Notre Dame quarterback DeShone Kizer already told reporters back in South Bend why he wants to beat Ohio State in the Fiesta Bowl.
Turns out, he's not the only one even in his own position room with such motivation. Fellow Ohio native Malik Zaire wants a shot at the Buckeyes, too.
“If there's anything that has made this game a circled game on their schedule more than me, it's Malik,” Kizer said Monday in Glendale, Ariz. “He's had this fire to play against them since the day he stepped on campus. He's taken that mindset, that fire, tried to throw it at me.”
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Only Kizer, a redshirt freshman from Toledo Central Catholic, will actually get to take the field against Ohio State because Zaire, a sophomore from Kettering Alter, is still rehabbing from a broken ankle, but that doesn't mean the latter is sitting idly by.
“He's at practice yelling, screaming, being more vocal than he has been all year,” Kizer said. “He really wants to come out with a victory this game. That fire in turn has helped me with my preparation to take everything as seriously as I possibly can.”
Both were recruited by Ohio State, though Zaire was an early offer while Kizer did not get his until after the Fighting Irish stepped up to the plate.
Offensive coordinator and quarterbacks coach Mike Sanford confirmed he could feel the energy from the pair.
“The quarterback room was pretty excited, to say the least, about the opportunity to play against the mighty in-state Ohio State Buckeyes,” Sanford said. “Obviously, when you grow up in the state of Ohio, there is no bigger thing than Buckeyes.
“Those guys, they grew up going to their games. They grew up in the recruiting process going to games of theirs. They understand the magnitude of that program, they understand the respect that program has garnered, particularly over the last four or five years with what coach has done.
Eventually Sanford felt the need to rein them in a bit.
“They were really excited about the opportunity,” he said. “I had to remind them, this isn't about the in-state school, it's about a football game, about preparation. They've done a great job of transitioning back into the mindset of preparing for a great game against a great opponent, putting forth their best effort.”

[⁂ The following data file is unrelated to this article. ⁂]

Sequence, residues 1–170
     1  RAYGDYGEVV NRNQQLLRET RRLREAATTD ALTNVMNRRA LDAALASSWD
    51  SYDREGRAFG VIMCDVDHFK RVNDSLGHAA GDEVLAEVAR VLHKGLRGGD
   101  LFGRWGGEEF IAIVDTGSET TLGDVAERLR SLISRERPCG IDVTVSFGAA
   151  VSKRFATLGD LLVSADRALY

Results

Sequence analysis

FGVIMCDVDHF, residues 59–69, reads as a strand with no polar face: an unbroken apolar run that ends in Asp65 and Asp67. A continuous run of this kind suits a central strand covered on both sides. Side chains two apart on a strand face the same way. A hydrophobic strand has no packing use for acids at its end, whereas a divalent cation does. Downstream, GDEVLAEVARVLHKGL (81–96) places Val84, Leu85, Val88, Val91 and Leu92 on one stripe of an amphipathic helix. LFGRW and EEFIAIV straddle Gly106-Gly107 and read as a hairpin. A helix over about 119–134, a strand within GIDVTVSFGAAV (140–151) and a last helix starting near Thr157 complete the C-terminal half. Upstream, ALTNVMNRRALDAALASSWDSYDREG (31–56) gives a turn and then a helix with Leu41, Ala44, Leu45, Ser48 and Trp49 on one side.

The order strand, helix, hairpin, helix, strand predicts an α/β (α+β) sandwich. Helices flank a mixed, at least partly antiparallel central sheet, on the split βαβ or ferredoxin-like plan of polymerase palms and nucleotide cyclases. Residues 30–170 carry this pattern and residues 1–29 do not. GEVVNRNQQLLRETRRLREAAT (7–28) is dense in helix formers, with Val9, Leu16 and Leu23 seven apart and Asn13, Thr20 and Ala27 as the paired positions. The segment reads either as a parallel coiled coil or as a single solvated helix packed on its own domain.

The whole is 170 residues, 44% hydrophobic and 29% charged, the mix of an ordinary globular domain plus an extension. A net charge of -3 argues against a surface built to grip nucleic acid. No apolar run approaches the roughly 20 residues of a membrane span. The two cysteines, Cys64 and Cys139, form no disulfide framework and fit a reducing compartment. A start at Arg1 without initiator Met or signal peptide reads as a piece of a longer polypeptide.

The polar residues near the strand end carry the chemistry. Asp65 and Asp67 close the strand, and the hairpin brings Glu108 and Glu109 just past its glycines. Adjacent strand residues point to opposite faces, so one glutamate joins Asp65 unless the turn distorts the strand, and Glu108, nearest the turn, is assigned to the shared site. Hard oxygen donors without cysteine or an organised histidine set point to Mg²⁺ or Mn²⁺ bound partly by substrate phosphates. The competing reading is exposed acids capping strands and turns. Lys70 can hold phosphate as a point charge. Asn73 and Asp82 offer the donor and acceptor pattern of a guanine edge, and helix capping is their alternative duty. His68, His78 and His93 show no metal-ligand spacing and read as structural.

Kizer is 22nd nationally in both pass efficiency and yards per completion (13.8) despite entering the season with no college playing experience and expecting to be Zaire's backup.
He agreed with Sanford's assessment that whatever emotion was there early has subsided, but Kizer does see some conflict among his family members.
“Yeah, some of my closest friends and a lot of my family members were Ohio State fans growing up,” he said. “They're all kind of put into awkward positions now when their nephew or their good friend is out there playing against their favorite team.
“Everyone kind of has the same mindset: they want me to be as successful as I possibly can, root for me, but obviously they want their favorite team to win.
“That's something I've removed myself from. I've done a pretty good job of doing that on campus, and with family, trying to stay away from that whole scene.
“It's time to make decisions for some of my family members, are you wearing scarlet and gold or blue and gray.”
He also pointed out Ohio State wasn't really unique in pursuing other quarterbacks before him, including current Clemson signal-caller Deshaun Watson.
“There's about 30 other teams in the country that I can say the same thing about,” he said. “Just another big-time school who didn't put an offer on the line (early). They're not the only one who didn't.”